By Dr. Joseph Musolino Chiropractic Physician and Nutrition Therapist 1,167 words (5-minute read)
When it comes to macronutrient (aka macros) consumption most people have a skewed sense of how much protein they are taking in compared to how much they need. This is especially true for active individuals, particularly anyone doing strength training the recommended minimum of two times a week. Of the three macros, protein is the only one that is essential for survival. Ever watch one of those reality shows where the contestants are out in the wild? What’s the first thing they always are on the hunt to find? Protein sources. Jungle bugs included. Fats are important too, but we can get by without them, at least for a short while. Carbs we can do without (hence the popularity of ketogenic diets where carbs are severely restricted), although anyone who is moderately active shouldn’t consider this option due to the energy needs that carbs help us meet.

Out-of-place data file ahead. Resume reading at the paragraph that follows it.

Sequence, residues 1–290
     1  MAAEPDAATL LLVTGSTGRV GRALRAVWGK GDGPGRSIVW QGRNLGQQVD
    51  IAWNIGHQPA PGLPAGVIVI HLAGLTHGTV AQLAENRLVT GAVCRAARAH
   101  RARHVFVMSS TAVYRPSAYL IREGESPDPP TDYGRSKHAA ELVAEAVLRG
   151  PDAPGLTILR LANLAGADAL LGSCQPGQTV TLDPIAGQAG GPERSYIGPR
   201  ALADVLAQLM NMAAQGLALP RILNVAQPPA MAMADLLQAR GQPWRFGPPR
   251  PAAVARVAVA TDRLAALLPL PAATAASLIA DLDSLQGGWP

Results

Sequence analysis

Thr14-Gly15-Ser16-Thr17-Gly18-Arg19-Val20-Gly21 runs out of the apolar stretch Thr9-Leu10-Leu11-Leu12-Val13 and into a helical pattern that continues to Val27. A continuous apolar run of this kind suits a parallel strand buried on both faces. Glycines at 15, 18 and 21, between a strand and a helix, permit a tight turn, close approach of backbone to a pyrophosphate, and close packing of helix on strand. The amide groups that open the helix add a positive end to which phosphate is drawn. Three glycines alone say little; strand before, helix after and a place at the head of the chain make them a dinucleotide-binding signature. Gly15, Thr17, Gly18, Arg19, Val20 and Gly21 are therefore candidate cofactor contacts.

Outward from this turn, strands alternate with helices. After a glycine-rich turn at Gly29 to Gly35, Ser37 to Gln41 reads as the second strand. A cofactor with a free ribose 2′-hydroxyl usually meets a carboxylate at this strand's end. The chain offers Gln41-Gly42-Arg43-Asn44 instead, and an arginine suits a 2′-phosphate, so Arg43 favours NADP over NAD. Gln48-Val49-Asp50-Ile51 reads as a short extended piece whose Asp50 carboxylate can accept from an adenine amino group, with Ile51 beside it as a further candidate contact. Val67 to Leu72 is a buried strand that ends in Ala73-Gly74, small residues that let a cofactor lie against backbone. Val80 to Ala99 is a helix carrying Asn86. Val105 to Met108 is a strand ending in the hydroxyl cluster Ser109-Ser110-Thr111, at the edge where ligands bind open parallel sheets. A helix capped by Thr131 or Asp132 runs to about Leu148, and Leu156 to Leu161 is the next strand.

So, if protein is so dang important, why do we tend to under consume it? The answer to this can take us down a rabbit hole that leads to a black hole to the ends of the universe but let’s just say that the Western diet just isn’t very protein friendly. Our preference for quick and easy foods that are highly processed to have the shelf life of a Twinkie (which is only 26 days so not a great choice for your survival kit) forces protein to take a back seat to the almighty carb. It’s just too difficult (and cost prohibitive to keep the shareholders happy) for corporate America to come up with high-quality sources of protein that can be packaged and consumed. I mean can you imagine chicken sausage? Wait, there’s such a thing already? Okay then how about turkey bacon? That too! You get the drift though.